Q&A: Amy Klein, a/k/a Amy Andronicus, On Her Many Side Projects, And Why “Feminism” Is A Dirty Word


“I think empowerment is very sexy and cool, and there’s no reason you can’t believe that.”

Amy Klein is a busy woman. Her most high-profile gig is playing guitar for Thomas-Paine-for-the-Twitter-Generation art-punks Titus Andronicus, but she makes a diverse plethora of music on her own. Her two-piece noise machine hilly eye recently stole the show at the Knitting Factory’s star-studded Kathleen Hanna tribute; she also recently released a solo album of serene folk meditations called I Know What You Want. Moreover, she frequently blogs about life on the road and modern feminism, and recently began taking her activism offline: A riot grrl apostle since third grade who’s been known to sing a cover of “Rebel Girl” during Titus gigs, she helped organize the Brooklyn-based activist group Permanent Wave, which held its inaugural event on Super Bowl Sunday at Death by Audio and is currently working with the managers of the Market Hotel Project to provide concerts, workshops, and meeting spaces for feminists of all stripes.

Klein recently suffered a concussion when Titus’ van door smacked her in the head during a harsh wind, but she was kind enough to soldier through and meet up at a Brooklyn coffee shop to talk about her various projects, and why no one wants to be feminist anymore.

So, tell me how Permanent Wave got started.
Let’s see. It started in December, when we had a meeting at my house. It was an open meeting, and it was advertised on the Internet that anyone could come. At that point we had a discussion about a lot of the things that we were dissatisfied with in the world around us and in our own lives when it comes to being a woman, and then we talked about what we thought an ideal world would look like for women, and then we talked about what we may do in order to get there. After that we started an e-mail list where we can all communicate together, and started having other meetings at people’s houses.

Right now we have a feminist health collective that is working on issues related to women’s health care, and we also have an event series that we’re planning. We had our first event last month, for the Center For Domestic Violence, which operates different shelters and educational programs for relationship abuse, teen relationship abuse in the city schools — they put it in the curriculum and also help victims. We had a lot of different female performers come together at the event: There were spoken-word artists, there were rock bands, there were people distributing ‘zines and information, there were participatory activities for the audience to engage in, as far as what is a healthy relationship and what is a relationship with abuse.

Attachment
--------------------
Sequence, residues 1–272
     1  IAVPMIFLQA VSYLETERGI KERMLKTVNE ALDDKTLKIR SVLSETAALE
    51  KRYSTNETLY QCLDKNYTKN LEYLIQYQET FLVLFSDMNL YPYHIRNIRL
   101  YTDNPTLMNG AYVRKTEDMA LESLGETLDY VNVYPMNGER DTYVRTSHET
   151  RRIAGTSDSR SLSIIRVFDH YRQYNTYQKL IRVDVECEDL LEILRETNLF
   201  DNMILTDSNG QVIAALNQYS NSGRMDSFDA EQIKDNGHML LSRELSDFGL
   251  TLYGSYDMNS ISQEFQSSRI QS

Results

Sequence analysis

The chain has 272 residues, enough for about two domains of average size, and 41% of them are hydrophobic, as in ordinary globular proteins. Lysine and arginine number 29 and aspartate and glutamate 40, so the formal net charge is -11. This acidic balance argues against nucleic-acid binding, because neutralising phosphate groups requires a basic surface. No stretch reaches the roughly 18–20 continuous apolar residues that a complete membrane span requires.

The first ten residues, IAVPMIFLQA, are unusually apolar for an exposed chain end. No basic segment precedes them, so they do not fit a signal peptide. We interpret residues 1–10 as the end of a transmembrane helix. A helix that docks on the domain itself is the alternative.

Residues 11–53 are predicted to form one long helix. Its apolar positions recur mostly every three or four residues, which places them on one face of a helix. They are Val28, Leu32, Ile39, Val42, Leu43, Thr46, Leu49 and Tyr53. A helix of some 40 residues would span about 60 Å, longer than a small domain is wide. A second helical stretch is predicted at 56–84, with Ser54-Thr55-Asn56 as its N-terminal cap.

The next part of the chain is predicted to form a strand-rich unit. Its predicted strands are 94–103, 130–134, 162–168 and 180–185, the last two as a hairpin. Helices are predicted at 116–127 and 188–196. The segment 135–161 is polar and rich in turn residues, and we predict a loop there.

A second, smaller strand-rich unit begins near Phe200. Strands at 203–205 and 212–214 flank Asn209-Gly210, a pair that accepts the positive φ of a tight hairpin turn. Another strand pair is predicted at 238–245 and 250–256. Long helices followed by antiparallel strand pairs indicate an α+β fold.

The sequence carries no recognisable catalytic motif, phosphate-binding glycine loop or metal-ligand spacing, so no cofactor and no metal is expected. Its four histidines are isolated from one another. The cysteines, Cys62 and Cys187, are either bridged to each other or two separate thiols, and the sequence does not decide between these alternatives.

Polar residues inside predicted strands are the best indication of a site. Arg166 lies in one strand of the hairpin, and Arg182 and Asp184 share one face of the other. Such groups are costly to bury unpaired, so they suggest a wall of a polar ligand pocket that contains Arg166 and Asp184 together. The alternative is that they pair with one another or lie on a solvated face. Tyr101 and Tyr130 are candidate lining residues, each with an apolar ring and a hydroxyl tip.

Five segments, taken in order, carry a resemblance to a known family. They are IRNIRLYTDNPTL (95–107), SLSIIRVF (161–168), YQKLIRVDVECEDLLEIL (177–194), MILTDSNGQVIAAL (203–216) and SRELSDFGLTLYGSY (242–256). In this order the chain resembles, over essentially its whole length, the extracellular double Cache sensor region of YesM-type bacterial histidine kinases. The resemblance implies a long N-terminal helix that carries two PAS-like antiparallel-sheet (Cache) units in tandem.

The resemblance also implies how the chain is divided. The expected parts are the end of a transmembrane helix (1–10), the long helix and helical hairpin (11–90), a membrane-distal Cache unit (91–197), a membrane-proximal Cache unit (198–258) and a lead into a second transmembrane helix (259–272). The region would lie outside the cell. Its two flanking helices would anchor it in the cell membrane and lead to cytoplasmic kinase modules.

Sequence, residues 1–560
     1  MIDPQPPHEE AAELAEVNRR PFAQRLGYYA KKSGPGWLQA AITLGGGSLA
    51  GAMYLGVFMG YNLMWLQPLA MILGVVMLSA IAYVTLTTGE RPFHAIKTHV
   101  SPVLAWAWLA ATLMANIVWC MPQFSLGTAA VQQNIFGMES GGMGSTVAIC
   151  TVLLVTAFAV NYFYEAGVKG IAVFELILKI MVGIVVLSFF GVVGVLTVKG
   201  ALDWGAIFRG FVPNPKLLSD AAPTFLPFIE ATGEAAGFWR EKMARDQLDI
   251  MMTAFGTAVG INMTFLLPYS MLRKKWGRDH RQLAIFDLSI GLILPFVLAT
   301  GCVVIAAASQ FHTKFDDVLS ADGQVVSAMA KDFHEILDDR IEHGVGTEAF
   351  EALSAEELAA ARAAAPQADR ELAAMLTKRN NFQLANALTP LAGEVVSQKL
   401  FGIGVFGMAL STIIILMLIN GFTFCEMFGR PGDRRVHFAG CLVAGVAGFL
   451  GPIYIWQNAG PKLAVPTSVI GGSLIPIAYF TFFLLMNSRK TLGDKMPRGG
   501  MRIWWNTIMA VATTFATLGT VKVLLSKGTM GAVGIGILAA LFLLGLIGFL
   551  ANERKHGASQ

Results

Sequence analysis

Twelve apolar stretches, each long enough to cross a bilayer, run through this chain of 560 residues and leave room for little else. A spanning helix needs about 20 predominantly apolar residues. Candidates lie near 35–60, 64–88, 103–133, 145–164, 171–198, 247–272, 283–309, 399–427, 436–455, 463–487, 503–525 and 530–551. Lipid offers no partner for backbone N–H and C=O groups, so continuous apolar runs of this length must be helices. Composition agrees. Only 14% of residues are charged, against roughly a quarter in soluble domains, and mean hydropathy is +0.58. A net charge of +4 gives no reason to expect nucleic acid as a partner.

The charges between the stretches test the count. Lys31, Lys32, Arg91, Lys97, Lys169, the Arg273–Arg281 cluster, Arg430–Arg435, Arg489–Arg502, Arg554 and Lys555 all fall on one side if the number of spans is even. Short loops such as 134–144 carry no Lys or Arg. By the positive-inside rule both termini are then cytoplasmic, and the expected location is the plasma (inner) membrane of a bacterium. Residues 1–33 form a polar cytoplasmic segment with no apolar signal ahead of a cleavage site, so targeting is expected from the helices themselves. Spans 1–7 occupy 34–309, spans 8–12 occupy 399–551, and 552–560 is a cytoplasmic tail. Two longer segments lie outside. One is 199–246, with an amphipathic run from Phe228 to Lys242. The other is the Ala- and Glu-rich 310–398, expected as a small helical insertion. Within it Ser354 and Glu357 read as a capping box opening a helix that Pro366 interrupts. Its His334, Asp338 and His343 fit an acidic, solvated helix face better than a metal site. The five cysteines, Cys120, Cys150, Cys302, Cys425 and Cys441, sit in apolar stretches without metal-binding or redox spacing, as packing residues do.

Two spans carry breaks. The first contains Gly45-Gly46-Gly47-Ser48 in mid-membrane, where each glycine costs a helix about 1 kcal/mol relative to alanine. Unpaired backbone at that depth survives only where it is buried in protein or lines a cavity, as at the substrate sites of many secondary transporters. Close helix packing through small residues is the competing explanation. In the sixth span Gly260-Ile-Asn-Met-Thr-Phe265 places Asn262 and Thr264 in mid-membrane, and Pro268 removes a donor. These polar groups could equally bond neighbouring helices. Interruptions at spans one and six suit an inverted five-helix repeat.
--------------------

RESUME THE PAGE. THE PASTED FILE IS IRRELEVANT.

So right now we’re just looking to get as many girls and women involved as possible, with the idea that women and girls are usually encouraged to compete with each other, rather than connect with and support each other . . . a lot of what’s missing is the community aspect among women that I think some women found protesting in the ’70s or I think riot grrls found in the ’90s. We didn’t grow up with any kind of pro-girl message or pro-girl community.

So, forgive a broad question here, but what do you think happened? Not just with riot grrl, but, I mean, there’s been a ton of great female musicians during the last 10 years, but it’s hard to think of many that really wave the feminist flag.
I think feminism as a whole has gotten a bad rap from right-wing conservatives, mostly. “Feminazis.” We all know that.

I’ve heard the term.
I saw a great picture of a sign that somebody had at the recent New York Planned Parenthood rally. “‘Feminazi,’ because equal rights are the same thing as invading Poland,” or something like that. So for whatever reason, this phrase that doesn’t mean very much is one that has been ingrained in us since my generation has grown up. I think we know that feminists are possibly lesbians, definitely unsexy . . .

Yeah, we all hate men! And we’re angry. That’s the worst thing, that a woman could be angry about something. Yeah, feminism is not just trashed by the right wing, it’s trashed by everybody, all the time. I grew up thinking, “Oh, we are post-feminist now. Whatever that means.” Feminism really hasn’t been in vogue, and I think for a lot of people, not just artists but also people, you’re tarnishing your reputation if you say you’re a feminist, you’re diminishing your market. Men may not want to listen to you or buy your records, and you also make yourself unsexy and uncool. Riot grrl was very successful because they managed to make feminism sexy and cool. I think empowerment is very sexy and cool, and there’s no reason you can’t believe that.